Springfield Clinic’s name and logo will appear on the inflated dome of a 190,000-square-foot structure for indoor practices and competitions at Scheels Sports Park at Legacy Pointe.
That name recognition for the clinic, one of the largest multispecialty medical groups in Illinois, is just one part of its involvement as the park’s official Health and Performance Partner, according to Cal Thomas, the clinic’s chief development officer.multimillion-dollar commitment over a 20-year period” will include construction of a brick-and-mortar building attached to the dome for sports-medicine, rehabilitation and performance-enhancing services for competitive and casual athletes in the region, he said.
Outside the park but still in the Legacy Pointe development, the clinic plans to build a walk-in clinic where patients will be able to receive services ranging from urgent and primary care to specialty care.
That clinic will cater to area residents as well as young athletes and their families who may be visiting Springfield for a tournament, Thomas said.
The park, which is being constructed through a public-private partnership and expected to be completed by the end of 2025, could become a place where the clinic provides a central location where already-existing strength, conditioning and speed-enhancement businesses can offer services, Thomas said. The clinic, an 80-year-old, for-profit entity, is reaching out to those businesses to collaborate, he said.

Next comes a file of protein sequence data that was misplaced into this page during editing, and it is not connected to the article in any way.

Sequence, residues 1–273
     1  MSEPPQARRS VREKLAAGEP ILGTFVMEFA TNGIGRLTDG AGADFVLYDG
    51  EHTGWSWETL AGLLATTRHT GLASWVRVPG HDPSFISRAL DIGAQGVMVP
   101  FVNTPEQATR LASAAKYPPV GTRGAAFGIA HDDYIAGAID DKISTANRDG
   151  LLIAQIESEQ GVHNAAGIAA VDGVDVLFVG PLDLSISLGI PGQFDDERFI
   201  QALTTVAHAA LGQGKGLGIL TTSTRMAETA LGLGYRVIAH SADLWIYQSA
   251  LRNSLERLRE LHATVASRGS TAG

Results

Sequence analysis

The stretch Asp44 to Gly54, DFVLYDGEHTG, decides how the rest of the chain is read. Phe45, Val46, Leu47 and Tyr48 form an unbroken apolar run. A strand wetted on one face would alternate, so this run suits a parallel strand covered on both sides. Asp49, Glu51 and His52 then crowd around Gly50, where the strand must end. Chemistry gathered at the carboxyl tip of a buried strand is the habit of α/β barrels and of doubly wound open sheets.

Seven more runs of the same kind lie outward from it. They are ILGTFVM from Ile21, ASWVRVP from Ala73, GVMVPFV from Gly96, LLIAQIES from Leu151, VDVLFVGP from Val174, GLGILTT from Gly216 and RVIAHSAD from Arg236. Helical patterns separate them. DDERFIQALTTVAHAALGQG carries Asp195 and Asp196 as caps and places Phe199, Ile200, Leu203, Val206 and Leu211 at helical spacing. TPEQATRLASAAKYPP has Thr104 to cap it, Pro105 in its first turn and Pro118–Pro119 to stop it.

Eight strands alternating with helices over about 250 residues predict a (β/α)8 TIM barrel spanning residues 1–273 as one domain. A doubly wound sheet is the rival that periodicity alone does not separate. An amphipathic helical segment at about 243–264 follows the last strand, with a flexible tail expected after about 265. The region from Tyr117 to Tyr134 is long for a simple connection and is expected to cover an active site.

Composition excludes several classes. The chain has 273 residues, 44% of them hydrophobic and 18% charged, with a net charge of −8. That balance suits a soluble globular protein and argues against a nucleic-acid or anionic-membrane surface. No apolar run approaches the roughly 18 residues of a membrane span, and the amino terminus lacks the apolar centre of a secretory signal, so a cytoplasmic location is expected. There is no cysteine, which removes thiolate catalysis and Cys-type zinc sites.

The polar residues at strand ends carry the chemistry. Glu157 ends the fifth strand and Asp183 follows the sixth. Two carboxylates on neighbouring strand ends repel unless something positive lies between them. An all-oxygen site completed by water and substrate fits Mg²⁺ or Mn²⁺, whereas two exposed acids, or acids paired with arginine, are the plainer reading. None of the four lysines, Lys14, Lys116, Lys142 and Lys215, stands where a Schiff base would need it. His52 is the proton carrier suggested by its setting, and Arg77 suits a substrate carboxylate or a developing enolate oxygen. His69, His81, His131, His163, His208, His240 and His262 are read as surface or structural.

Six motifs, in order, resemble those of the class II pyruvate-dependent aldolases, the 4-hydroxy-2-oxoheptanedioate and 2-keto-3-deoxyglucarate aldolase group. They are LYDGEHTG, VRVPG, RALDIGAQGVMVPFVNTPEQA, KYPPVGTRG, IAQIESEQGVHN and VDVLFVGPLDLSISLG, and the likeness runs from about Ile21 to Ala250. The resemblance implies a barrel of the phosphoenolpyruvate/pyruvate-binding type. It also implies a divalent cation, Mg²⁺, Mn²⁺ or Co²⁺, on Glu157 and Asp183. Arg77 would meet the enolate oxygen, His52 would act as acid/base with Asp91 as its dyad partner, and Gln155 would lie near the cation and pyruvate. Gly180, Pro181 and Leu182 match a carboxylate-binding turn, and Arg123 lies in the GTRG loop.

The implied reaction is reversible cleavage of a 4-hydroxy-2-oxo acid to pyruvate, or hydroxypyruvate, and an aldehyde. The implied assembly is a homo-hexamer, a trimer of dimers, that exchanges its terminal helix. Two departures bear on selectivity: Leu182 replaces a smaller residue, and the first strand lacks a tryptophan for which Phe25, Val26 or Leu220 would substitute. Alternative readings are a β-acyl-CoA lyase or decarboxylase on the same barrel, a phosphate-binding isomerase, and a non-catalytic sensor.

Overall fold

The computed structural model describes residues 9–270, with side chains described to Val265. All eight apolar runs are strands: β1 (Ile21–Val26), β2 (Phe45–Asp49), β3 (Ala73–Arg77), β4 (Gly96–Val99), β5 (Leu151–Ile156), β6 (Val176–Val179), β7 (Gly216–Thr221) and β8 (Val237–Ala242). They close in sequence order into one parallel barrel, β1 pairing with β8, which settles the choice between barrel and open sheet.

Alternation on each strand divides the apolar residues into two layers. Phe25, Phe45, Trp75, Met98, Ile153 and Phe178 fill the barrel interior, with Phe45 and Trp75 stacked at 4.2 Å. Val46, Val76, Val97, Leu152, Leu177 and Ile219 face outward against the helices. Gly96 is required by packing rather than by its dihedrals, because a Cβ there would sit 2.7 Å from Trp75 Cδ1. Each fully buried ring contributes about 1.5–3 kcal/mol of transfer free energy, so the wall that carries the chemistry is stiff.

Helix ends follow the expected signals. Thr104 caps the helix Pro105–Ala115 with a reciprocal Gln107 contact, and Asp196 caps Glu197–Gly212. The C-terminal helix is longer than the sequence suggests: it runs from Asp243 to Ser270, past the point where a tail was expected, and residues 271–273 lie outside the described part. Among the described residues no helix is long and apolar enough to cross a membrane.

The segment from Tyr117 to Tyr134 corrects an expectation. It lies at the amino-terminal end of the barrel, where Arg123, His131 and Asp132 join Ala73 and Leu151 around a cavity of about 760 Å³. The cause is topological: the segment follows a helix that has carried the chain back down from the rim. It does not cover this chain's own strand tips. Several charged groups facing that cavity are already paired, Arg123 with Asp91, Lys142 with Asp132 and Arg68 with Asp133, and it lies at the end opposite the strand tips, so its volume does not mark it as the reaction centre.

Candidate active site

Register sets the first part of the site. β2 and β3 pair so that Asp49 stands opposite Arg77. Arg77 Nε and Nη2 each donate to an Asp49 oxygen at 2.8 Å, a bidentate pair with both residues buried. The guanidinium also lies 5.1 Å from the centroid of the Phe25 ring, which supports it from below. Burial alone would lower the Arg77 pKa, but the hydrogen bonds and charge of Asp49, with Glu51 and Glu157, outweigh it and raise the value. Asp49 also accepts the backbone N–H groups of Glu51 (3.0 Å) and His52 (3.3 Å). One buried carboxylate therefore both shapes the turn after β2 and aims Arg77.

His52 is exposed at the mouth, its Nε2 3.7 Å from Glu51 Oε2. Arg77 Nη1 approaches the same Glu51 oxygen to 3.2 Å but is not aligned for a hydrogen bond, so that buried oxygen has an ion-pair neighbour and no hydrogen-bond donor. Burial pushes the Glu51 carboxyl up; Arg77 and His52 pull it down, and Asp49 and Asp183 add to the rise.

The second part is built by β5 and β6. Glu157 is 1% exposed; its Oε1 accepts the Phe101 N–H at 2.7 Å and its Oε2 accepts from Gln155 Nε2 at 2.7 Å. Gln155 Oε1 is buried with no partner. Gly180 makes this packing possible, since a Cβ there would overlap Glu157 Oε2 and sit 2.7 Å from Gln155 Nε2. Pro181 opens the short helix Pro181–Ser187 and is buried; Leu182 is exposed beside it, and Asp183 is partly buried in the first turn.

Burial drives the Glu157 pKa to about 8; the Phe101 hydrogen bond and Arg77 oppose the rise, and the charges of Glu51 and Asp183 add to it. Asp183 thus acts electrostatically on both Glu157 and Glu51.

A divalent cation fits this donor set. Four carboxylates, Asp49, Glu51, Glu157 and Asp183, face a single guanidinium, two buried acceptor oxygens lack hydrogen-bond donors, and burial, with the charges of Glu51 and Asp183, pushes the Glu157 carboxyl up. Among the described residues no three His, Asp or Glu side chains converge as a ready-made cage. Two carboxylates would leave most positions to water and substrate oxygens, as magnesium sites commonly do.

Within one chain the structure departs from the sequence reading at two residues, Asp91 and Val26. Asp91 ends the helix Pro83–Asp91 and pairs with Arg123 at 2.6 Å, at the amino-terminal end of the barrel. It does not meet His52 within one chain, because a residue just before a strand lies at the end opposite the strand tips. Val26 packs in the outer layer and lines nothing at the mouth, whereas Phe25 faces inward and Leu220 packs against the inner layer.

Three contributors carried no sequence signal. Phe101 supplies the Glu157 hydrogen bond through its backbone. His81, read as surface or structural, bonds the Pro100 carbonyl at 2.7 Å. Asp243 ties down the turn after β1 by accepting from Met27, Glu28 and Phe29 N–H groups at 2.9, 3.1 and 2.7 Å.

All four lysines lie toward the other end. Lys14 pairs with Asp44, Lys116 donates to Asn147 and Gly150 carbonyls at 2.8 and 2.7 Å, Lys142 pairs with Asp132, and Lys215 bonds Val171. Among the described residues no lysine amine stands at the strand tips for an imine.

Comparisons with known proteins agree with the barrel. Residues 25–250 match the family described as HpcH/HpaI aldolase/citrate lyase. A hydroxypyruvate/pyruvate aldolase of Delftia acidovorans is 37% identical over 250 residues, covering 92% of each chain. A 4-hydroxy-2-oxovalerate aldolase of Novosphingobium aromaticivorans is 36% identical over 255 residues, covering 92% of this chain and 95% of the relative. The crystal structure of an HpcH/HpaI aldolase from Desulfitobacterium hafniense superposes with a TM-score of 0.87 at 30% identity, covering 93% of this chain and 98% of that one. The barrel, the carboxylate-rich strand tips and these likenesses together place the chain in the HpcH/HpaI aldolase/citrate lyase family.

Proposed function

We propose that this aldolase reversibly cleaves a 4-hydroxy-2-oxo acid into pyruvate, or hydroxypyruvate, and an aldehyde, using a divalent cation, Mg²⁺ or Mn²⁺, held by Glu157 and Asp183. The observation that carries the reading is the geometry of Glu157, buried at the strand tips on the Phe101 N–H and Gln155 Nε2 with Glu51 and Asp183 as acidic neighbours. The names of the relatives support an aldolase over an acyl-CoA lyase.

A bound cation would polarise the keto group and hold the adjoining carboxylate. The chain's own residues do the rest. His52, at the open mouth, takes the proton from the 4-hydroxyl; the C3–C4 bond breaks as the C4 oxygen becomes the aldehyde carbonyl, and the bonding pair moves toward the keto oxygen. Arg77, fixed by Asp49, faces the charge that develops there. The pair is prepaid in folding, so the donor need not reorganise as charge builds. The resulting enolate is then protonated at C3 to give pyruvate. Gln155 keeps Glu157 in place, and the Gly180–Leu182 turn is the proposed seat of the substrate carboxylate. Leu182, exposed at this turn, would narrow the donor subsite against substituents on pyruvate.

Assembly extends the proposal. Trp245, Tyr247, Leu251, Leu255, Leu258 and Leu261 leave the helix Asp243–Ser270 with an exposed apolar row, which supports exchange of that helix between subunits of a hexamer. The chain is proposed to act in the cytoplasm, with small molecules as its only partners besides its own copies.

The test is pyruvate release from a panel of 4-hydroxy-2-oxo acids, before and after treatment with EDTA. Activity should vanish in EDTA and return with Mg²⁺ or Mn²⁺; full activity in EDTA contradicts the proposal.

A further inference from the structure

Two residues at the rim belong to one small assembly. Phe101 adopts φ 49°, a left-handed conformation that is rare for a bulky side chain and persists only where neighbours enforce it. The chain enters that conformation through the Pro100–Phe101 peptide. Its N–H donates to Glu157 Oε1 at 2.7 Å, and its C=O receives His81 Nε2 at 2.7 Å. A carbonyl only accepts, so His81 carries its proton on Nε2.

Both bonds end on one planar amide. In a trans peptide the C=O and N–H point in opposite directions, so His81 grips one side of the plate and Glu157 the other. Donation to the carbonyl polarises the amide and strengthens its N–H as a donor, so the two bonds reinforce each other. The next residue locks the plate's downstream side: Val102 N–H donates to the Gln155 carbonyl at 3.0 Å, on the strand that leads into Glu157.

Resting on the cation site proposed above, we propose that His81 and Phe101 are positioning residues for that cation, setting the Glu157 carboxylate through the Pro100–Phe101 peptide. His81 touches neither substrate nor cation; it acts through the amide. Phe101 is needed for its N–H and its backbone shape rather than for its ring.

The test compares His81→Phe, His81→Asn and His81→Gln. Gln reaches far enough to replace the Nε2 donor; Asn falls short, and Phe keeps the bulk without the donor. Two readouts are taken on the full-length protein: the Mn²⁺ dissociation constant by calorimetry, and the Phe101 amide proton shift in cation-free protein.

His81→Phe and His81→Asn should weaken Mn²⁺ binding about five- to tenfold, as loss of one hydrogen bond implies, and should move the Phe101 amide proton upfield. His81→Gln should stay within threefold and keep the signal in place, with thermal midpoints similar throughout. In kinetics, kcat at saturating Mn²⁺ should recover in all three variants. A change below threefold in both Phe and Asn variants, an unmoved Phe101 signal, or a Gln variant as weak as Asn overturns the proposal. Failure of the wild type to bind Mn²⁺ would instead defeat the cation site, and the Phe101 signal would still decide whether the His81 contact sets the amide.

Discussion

“Instead of replicating what’s (already) here, we want to be that central force that pulls all of those together and develops a true, integrated program that’s offered here on this complex,” Thomas said.
He said he didn’t have specific estimates for the cost of the new buildings and for exercise and calisthenics stations that will be placed throughout the park.
He declined to say what the clinic will pay for naming rights that allow the clinic’s brand to be placed on the dome. Park organizers said the dome, also known as an air structure, will be the largest of its kind in the world for youth sports and will be held up with air pressure and not columns.
Thomas said he did research on other partnerships between medical providers and youth sports complexes in Illinois and other parts of the country, but he found none quite like this.
“We think we can bring something unique to a project that’s already unique in its own right. … Nothing is really like this in the Midwest,” he said.
“We’re deeply committed to redefining the future of health care in our communities, so our support for this project goes beyond dollars and cents,” Thomas said. “We see it as an opportunity to create a one-of-a-kind destination for performance and wellness that this region has never seen.”
Ryan McCrady, chief executive officer of Springfield Sangamon Growth Alliance, said: “This investment by Springfield Clinic is a game-changing development for this project. It’s a shining example of the strong sense of community that Springfield has always had, and I hope it encourages other homegrown organizations and businesses to get behind this effort that we will all benefit from.”